Michael had finally allowed her to hang up the phone after exactly five minutes. Five was his favorite number. Carrie briefly considered forcing him to hang up because his father was driving a patrol car on the other end. But a few minutes more wouldn’t matter, would it? Besides, Jon had let the call continue. He even chatted with Michael while she could hear him driving.
Considering everything, it was a good enough outcome. The only thing missing was that her six-year-old son, who had made the call to his father in the first place, had actually talked during those five minutes.
Carrie sighed and poured some more coffee into her mug. It was the third one this morning. She and Michael were sitting on the well-worn couch in their living room, and he was playing with her phone again, searching for YouTube videos he liked. She thought he was pretty good, no, an expert at using the device. One day, for example, she had discovered he could make different windows move around by swiping—she hadn’t even thought that function was possible. But Michael had discovered it on his own.
She turned on the TV. Soft sunlight filtered through the cheap curtains, making it difficult to see the news, but Carrie wasn’t really watching.
“You know what,” she said, looking at Michael, “Dad will be tired when he gets home. Maybe we should go to the mall so he doesn’t have to. We can buy you something.”
Well, it would have to be something small. Or…maybe not. Michael looked really peaceful now. Nobody would have believed the little boy with the unruly, slightly reddish-blonde hair had been all over the place this morning, screaming so loudly that she heard Mrs. Hanson from the neighboring house slam her window. That woman. She was so sweet to the Dennehy kids who lived next door because she didn’t have any kids herself or whatever. Always blabbering about how hard she worked and all the insulting people that bothered her at the Town Hall where she did administrative work—Carrie had never found out what, and she didn’t really care. And then … always being nice to the Dennehy kids because they were normal kids, right? Even Emma, Michael’s big sister. God, sometimes Carrie felt like screaming at that arrogant…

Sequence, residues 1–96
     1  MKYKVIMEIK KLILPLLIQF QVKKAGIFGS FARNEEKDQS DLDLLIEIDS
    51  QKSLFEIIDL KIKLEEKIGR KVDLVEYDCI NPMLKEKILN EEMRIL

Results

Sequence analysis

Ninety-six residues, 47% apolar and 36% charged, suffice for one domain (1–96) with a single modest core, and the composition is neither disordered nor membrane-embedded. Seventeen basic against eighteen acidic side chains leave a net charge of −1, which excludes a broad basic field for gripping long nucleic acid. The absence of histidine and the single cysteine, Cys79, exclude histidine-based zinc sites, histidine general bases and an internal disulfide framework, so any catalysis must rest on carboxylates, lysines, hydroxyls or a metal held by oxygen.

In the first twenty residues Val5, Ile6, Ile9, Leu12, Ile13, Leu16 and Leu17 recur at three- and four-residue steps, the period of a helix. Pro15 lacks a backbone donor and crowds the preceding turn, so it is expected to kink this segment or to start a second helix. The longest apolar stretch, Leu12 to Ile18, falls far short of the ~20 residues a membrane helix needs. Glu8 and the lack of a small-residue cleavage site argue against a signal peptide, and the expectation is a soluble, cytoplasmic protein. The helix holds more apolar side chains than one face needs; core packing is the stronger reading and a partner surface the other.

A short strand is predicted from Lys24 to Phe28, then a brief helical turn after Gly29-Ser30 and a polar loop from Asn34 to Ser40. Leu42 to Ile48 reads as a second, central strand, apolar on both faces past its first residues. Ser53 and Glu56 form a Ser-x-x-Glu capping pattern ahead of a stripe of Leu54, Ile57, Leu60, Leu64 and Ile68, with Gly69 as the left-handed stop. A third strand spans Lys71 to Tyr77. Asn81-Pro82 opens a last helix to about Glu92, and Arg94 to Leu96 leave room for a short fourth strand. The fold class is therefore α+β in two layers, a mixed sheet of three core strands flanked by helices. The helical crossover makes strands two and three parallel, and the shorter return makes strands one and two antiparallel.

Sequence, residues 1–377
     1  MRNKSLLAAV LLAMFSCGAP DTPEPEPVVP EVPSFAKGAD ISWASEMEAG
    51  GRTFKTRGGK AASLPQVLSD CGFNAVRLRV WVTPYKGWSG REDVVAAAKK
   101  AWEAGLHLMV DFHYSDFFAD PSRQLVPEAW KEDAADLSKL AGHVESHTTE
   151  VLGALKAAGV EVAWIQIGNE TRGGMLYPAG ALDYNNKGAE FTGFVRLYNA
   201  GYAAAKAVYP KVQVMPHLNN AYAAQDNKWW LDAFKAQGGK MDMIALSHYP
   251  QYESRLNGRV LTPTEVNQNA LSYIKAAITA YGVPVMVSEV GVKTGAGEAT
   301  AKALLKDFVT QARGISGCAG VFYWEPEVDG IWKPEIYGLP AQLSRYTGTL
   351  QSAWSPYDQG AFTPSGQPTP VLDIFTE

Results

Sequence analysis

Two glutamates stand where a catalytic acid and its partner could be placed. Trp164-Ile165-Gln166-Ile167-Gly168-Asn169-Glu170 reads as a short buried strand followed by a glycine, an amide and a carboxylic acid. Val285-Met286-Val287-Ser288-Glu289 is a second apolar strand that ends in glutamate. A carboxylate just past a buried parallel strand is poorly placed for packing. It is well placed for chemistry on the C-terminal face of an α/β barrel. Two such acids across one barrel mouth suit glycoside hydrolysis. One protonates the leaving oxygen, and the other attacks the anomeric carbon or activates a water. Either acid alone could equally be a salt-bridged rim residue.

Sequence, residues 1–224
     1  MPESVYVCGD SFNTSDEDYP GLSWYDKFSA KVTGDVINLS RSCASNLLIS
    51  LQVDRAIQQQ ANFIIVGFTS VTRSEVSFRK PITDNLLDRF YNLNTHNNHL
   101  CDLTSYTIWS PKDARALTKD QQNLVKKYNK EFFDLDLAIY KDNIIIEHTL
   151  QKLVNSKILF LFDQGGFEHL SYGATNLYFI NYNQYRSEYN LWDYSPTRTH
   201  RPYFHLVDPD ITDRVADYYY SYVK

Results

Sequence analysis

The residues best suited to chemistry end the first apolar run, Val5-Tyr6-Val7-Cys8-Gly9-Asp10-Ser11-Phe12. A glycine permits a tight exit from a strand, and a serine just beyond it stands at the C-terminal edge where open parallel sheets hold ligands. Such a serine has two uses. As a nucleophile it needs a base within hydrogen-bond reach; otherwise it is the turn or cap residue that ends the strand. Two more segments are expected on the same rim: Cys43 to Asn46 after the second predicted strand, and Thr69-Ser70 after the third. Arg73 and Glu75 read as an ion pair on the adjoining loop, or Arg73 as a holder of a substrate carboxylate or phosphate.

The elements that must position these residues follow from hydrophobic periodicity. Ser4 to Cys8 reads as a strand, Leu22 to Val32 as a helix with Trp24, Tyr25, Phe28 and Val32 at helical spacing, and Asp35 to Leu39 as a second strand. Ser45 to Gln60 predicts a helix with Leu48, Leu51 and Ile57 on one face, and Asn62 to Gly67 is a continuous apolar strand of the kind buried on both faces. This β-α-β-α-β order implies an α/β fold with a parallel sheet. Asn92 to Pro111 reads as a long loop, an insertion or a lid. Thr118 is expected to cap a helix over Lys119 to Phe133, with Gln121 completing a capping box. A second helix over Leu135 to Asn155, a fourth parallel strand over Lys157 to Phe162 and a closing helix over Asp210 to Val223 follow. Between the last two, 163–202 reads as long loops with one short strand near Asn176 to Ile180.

But no. She had to think clearly. She had decisions to make. Michael looked really peaceful now. He looked as if he could handle kindergarten. And he only had four weeks left, minus the holidays. Then it would be school. A special school, sure, but a new and scary place with all sorts of problems. Mostly her problems, because Jon was the one working.
And the hours when Michael was in kindergarten. Even if she had to scrub the whole house—and she often had to—they were precious hours. She had never imagined when she was younger that she would feel such a burning need to be alone. But it never lasted long.
Carrie moistened her lips. She looked at Michael, who was gleefully thumping through the umpteenth cartoon version of ‘Old MacDonald’ and humming along. He talked little, but he knew many songs by heart. He loved singing, even though he probably didn’t understand much of what the songs were about. Or did he?
“Today is going to be another hot day, pushing 80 degrees…” The local newswoman sounded as mechanical as if she were a simulation. Maybe she didn’t like her job. Maybe she wanted to be at home.
Carrie looked at Michael again and realized she had been sitting, legs up, arms crossed, all tense on the couch. She slowly relaxed.
She patted Michael’s head. “Where would you like to go, honey?”
He smiled at her, and she decided. Maybe the stomach cramps would come back. She was pretty sure they would until she got some more medication in him and he could fill that diaper properly.
They could take care of it in kindergarten. But not today.